“I’m so happy that I can do exactly what I most enjoy doing.”
Verena Schweers, defensive player for the German national women’s football team, benefits from the maximum flexibility of the IUBH distance learning programme so that she can combine sports with studying. Right now, however, the professional athlete is focusing all her attention on the Women’s Football World Cup 2019.
Verena, how did you end up playing football and why is it so important for you?
Actually, I come from a table tennis family. My grandpa, my dad, my sister and I played at the TTC Kappel. After practice, the boys always played football – and I was the only girl who joined them. I enjoyed it so much that at the age of eleven I decided to start playing football. School friends took me along to the SC Kappel’s C-girl team practice – and I was immediately hooked.
The football team as a second family
Since I was 16, I have concentrated exclusively on playing football. At that time, I moved to Freiburg to a boarding school for sports. There I was able to commit myself professionally to football while I was still at school. I love the time with my team, and it is like a second family for me. The shared stories and memories are unforgettable. On top of that, I’m so happy that I can do exactly what I most enjoy doing.
Why are you studying at IUBH?
After finishing school, I completed a business-oriented vocational training. However, for my professional life after my football career I cannot imagine sitting in an office “from 9 to 5”. That’s why I’m working on establishing a foothold in the field of social work with a distance learning degree programme in social work. I decided to study at IUBH because I can flexibly organise my own schedule and take online exams wherever and whenever I like. Since I travel a lot for sports, distance learning was the only option for me.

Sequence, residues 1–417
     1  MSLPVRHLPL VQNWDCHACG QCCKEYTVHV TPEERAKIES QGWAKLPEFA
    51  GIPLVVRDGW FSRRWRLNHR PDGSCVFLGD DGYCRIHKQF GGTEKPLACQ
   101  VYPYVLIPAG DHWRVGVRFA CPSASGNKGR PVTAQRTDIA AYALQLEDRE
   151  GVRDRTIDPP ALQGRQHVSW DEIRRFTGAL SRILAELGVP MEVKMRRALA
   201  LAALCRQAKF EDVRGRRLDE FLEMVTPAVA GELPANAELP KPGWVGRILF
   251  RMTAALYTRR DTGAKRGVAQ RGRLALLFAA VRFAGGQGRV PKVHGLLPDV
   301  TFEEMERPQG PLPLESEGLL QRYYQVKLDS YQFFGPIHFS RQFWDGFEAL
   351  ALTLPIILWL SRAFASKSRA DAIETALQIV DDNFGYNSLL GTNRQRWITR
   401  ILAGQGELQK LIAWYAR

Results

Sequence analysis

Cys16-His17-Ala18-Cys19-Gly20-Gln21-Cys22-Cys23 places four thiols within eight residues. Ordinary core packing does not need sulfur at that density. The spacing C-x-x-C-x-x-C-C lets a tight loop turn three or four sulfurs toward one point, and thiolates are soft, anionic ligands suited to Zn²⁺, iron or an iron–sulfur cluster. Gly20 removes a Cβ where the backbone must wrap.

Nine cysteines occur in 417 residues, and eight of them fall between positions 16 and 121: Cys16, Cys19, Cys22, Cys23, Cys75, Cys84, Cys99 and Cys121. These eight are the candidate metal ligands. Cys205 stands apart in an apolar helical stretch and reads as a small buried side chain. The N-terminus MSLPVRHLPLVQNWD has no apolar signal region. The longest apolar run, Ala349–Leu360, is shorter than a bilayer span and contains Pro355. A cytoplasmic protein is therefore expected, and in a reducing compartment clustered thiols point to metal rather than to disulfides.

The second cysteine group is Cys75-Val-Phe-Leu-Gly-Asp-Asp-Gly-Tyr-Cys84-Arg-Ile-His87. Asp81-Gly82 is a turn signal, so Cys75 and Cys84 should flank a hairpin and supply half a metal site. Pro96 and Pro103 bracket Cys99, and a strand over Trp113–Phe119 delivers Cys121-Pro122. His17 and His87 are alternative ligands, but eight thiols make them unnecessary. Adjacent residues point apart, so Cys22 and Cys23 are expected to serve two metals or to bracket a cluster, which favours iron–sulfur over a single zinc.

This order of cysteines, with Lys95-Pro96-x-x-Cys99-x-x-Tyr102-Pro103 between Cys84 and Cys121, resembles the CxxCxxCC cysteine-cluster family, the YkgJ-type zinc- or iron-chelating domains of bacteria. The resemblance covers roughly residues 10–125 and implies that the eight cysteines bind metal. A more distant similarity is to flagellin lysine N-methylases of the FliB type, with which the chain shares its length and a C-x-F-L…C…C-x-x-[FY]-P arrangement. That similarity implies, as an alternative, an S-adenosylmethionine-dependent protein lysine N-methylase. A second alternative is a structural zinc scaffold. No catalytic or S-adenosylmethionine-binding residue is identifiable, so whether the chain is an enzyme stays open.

You are currently playing on the national team at the Women’s Football World Cup. What does your daily routine look like? How do you manage the demands of sports and studying?
Before such a major championship, the focus is entirely on football. Studying is currently in “slumber mode”. A tournament like this is something extremely special that doesn’t happen every day and you want to enjoy it to the max.
When one thinks of football, one does not automatically think of social work. Why did you decide to pursue this particular course of studies?
I would like to pass on to children and young people what I learned from playing football – namely ambition, discipline and the importance of doing what you enjoy doing. Since I want to do this in the social work sector, it is very important for me to have the necessary academic qualifications.
What are your next goals – in terms of sports and studying? How do you envisage your professional future?
Due to many athletic events, such as the DFB Cup Final 2018, and a few trips, my academic studies have receded into the background recently. After the World Cup, however, I definitely want to get back on track. I generally try to set relatively small goals and try not to put too much pressure on myself. In terms of sports, I would like to continue to enjoy the momentum of success, before other private achievements push to the forefront in the next few years. I also want to help integrate the young players into the team and give them encouragement. It is also important for me to make a difference in German women’s football to increase the public’s appreciation and acceptance of the sport.